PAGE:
Both Washington and Oregon’s medical marijuana programs have undergone significant changes in the last few months as they phase-in legislation meant to harmonize their state-legal medical and recreational systems. Commentators – us included– have written extensively on the impact these changes will have on the cannabis industry as growers, processors, and dispensaries attempt to keep up with the substantially different regulations. As is to be expected, things have not gone off entirely without a hitch so far.
A group of key stakeholders in the cannabis movement that has received less attention are the many patients who cultivate their own supply of medicine. It is important these patients are accounted for as the cannabis industry grows and becomes increasingly driven by business.
This is the first post in what will become a quasi regular series looking at how the changing landscape of cannabis policy will impact the small-scale medical marijuana producers that started it all.
Why do people grow their own cannabis? In the days before medical and recreational cannabis legalization, it was oftentimes a practical necessity for patients to cultivate their own cannabis to ensure themselves a consistent supply of pot for either medicinal or recreational use. The range of options for acquiring cannabis has expanded, but many still prefer the ability to tightly control and oversee the quality of their own supply. Whatever an individual patient’s justification, the Washington State Liquor and Cannabis Board (LCB) suggests patients “weigh the factors of privacy, cost and convenience, and make the choice that’s best for them.”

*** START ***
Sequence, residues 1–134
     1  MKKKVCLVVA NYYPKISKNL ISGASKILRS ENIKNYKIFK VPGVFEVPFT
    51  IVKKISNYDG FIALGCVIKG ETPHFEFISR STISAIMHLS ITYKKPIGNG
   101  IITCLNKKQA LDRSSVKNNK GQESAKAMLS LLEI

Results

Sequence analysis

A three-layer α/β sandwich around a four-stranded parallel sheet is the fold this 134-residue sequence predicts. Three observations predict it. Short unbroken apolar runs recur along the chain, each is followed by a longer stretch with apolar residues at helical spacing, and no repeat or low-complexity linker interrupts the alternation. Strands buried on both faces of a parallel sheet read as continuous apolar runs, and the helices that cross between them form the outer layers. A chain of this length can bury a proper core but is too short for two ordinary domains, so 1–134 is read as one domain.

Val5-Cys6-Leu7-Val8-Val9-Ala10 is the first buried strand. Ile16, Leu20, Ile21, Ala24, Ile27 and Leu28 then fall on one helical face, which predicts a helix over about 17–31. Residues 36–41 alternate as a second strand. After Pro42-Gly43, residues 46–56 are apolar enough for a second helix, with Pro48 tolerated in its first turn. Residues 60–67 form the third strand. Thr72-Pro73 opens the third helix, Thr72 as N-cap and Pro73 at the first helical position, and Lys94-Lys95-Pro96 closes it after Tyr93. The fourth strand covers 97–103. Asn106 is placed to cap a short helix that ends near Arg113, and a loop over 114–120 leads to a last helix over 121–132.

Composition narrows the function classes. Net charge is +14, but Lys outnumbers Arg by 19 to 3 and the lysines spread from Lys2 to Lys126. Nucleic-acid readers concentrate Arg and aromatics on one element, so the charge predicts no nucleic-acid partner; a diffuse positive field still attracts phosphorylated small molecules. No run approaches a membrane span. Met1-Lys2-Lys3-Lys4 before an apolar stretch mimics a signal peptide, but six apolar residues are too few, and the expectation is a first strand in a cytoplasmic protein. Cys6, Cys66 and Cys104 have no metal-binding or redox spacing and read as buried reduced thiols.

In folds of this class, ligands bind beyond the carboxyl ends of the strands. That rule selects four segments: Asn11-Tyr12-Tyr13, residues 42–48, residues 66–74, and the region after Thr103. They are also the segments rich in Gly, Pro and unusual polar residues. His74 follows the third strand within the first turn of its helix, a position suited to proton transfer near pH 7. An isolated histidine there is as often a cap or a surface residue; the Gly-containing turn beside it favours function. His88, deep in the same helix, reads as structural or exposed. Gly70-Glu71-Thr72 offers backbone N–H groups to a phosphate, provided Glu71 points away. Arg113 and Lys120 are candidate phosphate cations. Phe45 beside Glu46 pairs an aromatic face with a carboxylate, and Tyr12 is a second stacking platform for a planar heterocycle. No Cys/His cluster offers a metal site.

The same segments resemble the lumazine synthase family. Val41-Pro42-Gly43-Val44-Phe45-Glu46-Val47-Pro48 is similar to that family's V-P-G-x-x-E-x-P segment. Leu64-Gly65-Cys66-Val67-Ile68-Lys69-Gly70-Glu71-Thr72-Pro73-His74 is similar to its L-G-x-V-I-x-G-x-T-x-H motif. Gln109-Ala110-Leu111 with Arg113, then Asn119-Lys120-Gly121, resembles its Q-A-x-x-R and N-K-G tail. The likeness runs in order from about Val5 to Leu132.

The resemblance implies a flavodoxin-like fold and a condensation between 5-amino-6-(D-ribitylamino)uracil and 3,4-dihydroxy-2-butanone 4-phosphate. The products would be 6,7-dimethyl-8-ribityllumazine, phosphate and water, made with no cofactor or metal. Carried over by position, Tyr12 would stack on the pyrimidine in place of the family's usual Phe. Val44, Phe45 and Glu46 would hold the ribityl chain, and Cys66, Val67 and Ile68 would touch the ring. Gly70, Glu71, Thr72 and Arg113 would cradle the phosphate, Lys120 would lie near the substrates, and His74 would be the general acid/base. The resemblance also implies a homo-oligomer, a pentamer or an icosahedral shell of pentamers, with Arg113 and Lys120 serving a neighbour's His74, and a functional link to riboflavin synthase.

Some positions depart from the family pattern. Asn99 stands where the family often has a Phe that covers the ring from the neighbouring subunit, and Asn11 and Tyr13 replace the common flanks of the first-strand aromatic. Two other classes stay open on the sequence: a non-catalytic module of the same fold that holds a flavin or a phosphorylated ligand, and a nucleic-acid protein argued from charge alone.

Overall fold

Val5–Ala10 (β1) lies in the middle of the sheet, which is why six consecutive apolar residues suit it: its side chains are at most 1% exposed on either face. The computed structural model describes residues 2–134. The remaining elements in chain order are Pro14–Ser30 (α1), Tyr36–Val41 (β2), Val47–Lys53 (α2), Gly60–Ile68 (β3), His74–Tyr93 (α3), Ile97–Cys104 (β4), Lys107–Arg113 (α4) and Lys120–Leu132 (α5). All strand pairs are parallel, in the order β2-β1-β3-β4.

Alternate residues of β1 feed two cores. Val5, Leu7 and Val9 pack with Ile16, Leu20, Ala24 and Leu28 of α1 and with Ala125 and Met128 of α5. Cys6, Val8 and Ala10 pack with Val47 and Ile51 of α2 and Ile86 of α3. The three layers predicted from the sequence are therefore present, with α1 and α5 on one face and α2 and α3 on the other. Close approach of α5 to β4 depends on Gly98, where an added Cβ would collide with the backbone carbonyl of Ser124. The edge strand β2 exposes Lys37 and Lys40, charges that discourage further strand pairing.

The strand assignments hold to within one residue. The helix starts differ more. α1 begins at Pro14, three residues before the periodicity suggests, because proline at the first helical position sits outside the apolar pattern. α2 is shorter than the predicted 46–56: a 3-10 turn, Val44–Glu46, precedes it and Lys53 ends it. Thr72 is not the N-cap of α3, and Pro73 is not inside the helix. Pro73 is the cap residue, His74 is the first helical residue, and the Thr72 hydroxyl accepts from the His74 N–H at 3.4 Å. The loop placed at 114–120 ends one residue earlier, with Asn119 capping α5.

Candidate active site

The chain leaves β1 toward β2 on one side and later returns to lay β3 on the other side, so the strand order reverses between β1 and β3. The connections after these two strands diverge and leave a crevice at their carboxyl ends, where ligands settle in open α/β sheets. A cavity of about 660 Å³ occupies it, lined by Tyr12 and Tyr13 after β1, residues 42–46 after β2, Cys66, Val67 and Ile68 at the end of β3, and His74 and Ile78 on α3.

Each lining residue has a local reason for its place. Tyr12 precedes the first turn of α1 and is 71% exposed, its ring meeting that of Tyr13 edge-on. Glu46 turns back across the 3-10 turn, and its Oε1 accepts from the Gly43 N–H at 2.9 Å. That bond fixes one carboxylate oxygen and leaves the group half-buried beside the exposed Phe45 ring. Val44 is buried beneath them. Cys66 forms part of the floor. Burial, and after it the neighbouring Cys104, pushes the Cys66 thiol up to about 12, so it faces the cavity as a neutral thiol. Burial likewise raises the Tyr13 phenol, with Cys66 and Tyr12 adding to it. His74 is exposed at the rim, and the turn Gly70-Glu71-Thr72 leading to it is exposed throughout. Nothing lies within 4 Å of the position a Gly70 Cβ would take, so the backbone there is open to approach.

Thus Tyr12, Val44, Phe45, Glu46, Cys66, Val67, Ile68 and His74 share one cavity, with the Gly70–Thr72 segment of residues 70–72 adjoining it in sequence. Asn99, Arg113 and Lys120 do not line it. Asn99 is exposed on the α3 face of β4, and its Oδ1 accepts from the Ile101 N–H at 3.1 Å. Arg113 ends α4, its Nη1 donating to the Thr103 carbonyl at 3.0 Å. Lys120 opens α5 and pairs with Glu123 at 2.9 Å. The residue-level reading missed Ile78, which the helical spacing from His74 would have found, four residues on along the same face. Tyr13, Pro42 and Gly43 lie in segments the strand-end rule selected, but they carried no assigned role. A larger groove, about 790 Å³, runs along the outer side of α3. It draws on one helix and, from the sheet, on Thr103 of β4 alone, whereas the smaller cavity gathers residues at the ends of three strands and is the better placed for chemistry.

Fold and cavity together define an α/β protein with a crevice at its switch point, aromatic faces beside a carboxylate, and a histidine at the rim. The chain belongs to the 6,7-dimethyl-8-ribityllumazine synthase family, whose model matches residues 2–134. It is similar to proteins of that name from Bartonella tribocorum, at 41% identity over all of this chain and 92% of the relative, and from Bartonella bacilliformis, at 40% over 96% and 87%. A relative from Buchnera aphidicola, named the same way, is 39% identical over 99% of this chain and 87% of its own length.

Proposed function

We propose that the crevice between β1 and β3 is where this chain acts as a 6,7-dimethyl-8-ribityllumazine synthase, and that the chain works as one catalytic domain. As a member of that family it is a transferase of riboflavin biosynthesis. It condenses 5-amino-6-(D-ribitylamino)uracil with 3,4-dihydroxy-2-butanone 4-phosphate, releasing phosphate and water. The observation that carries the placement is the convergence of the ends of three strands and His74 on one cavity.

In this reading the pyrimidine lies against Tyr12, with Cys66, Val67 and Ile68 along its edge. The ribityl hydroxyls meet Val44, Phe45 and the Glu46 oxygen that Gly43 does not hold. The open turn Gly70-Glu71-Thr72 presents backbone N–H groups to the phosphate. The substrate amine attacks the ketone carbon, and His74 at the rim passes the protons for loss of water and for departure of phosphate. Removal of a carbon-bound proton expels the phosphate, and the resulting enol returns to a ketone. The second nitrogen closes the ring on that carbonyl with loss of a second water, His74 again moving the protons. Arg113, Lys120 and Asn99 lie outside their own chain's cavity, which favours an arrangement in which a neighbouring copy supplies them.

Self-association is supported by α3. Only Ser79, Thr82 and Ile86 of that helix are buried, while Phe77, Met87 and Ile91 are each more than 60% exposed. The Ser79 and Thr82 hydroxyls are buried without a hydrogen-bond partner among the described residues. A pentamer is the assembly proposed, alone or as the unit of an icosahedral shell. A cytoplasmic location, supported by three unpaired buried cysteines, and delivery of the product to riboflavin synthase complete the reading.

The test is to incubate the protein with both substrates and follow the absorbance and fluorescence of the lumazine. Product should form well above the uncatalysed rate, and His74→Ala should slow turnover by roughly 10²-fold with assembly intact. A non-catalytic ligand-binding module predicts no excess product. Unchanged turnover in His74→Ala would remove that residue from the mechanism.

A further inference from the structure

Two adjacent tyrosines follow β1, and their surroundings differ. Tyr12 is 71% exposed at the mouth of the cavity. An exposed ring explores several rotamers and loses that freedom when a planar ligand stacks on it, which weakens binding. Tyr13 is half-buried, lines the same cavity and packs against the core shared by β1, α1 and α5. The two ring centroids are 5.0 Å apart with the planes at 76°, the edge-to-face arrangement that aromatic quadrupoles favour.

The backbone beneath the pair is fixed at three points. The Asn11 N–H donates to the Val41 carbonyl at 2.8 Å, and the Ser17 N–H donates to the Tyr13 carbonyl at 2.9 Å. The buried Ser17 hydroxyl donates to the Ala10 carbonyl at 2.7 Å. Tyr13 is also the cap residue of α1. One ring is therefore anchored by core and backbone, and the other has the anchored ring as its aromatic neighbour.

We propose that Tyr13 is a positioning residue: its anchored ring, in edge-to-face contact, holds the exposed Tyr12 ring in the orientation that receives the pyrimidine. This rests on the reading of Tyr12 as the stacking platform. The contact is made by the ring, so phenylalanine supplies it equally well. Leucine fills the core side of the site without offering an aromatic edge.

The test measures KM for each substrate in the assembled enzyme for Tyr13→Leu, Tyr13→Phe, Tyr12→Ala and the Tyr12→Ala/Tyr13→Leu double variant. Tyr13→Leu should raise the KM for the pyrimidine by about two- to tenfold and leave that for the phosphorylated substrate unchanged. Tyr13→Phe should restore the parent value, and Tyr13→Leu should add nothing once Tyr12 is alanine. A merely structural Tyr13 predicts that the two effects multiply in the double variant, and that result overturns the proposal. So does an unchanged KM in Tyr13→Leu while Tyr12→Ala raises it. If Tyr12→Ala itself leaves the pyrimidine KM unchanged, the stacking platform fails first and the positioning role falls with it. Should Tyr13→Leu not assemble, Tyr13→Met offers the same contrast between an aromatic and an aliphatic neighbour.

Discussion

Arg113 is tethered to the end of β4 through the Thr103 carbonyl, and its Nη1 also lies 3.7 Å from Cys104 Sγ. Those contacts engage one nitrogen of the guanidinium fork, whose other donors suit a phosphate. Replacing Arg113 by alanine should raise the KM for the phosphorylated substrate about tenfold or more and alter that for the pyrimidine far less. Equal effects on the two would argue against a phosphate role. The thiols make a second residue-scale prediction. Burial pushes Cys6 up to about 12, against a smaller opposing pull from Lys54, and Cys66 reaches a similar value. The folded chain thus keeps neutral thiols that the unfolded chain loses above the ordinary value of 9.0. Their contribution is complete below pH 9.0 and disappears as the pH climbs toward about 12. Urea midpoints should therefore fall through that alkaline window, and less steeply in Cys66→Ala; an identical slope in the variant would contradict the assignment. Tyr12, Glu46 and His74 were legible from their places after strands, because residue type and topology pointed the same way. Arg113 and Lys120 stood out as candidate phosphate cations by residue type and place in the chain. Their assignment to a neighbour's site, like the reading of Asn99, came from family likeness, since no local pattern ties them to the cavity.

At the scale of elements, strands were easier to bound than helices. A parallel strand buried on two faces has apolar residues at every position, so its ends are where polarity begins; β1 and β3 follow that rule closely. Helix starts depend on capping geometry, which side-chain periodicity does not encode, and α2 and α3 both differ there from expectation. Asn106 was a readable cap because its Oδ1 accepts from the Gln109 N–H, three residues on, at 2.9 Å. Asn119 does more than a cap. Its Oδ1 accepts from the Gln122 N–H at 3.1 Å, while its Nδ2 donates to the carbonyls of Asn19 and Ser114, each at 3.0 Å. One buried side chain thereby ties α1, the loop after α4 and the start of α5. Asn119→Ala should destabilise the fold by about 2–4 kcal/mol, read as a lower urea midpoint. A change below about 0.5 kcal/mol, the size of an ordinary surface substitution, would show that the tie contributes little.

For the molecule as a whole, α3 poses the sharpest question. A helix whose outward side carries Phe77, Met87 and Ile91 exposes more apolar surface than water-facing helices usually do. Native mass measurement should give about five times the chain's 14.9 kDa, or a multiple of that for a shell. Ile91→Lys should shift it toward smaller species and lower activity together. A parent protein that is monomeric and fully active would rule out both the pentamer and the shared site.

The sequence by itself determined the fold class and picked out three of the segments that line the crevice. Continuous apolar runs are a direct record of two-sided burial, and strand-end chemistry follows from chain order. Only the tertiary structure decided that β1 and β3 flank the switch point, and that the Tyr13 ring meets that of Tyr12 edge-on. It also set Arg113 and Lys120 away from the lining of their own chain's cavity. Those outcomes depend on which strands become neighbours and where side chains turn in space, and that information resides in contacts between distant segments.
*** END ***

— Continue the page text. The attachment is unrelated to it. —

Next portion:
So, you’ve decided to grow your own medical marijuana – how do you do it legally in Washington State and in Oregon?
Washington. Under the new rules that came online on July 1 in Washington, all medical marijuana patients are required to possess a medical authorization from their healthcare provider. Once a patient has obtained a medical authorization, they can decide either to register with the state’s medical marijuana database or not. If they choose to register, they are allowed to grow from six to fifteen plants, as recommended by their doctor. Authorized patients who choose not to register are allowed to grow up to four plants and possess up to six ounces of cannabis from these plants. Patients must grow their cannabis in their personal residence, out of public sight.
Oregon. Home growing is a little different in Oregon, but the new laws similarly retain an ability for medical marijuana patients to grow their own supply – just under new restrictions. The good news is that patients growing only for themselves in their residence do not have to apply for a producer license or implement seed-to-sale tracking, a big cost and administrative burden for other types of producers. The other good news is that, as the Oregon Health Administration (OHA) says in its own FAQ, enforcement efforts are focused on grow operations with twelve or more mature plants – three times the four plants afforded to an individual growing for their own consumption in Oregon without medical marijuana authorization, which still caps mature plants at six. It’s no guarantee of amnesty for those violating the rules, of course, but a welcome enforcement approach for home growers nervous about the heightened level of regulation.
Next up we’ll look up and down the west coast at California and Alaska to see what coming changes have in store for patients who seek to grow their own cannabis there.